For starters, look at the facts about short-term memory we just went over. If the brain struggles to even reach 10 individual items that can be accurately stored by the short-term memory, how on earth could it be expected to properly store – and easily recall – the thousands upon thousands of important data points that define the game of basketball?
We’re not just talking about short-term memory here, either. The psychological term “transience” describes an effect that takes place during the storage phase for long-term memories. During transience, memories deteriorate from their original specific qualities into more general memories. That seems pretty relevant when talking about the kind of specific events that define basketball, doesn’t it?
All this is without discussing maybe the biggest threat to accurate memory, one that’s almost universally present in sports: Bias, and the emotion that comes from it.
We all have our biases, many of the subconscious nature that our brains hide from us. In a published study guide, a group of Harvard professors described the way, at times, “what people remember from their pasts says less about what actually happened than about what they think, feel, or believe now.” Other research has shown that the emotional intensity of events significantly impacts the strength of memories – things we show a strong emotional reaction to are more likely to be prioritized by the brain when creating memory.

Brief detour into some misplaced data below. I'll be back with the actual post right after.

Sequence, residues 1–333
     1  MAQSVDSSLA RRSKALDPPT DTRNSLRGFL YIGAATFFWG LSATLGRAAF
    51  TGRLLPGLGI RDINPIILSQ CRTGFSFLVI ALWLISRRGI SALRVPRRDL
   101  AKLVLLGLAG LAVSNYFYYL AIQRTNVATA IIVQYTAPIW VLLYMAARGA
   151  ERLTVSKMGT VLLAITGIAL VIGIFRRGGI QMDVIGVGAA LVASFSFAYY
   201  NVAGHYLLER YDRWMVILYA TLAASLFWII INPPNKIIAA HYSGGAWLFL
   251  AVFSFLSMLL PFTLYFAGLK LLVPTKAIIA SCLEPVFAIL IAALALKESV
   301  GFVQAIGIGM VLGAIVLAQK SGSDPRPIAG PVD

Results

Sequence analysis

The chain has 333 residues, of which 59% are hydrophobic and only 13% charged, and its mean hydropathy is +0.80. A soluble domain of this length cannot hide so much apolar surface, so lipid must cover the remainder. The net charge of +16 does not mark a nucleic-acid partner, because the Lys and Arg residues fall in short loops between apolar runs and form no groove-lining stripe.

Sports are, of course, emotional by nature for nearly all their observers, even many of the ostensibly less biased ones. Combine that with the limits of our short-term memories, the weakening of many long-term memories over time and the tendencies our memories have to outright trick us, and you can see why simply trusting them to be accurate about all the factors it takes to properly evaluate basketball is a fool’s errand.
That’s where statistics come in: As a way to catalogue what we see and counter the forces that distort what we remember. And while they certainly aren’t perfect, they’re a hell of a lot more objective than our memories.
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Stats are also easy to access, but not everyone knows that – or how to properly take advantage.
The world of web-based NBA statistics databases requires some time to learn how to navigate, and many of the best metrics and methods out there don’t exactly come with beginner’s manuals. A simple lack of knowledge about where to find basic, relatable ways to digest statistics is undoubtedly a big contributor to the hesitance many feel about attaching importance to them, especially when it comes to big algorithms and probabilistic models with intimidating acronyms for names.
This piece is meant as one small attempt to bridge part of that gap. What follows is a collection of many of the best publicly available online resources for NBA statistics, models, tools and other minutiae.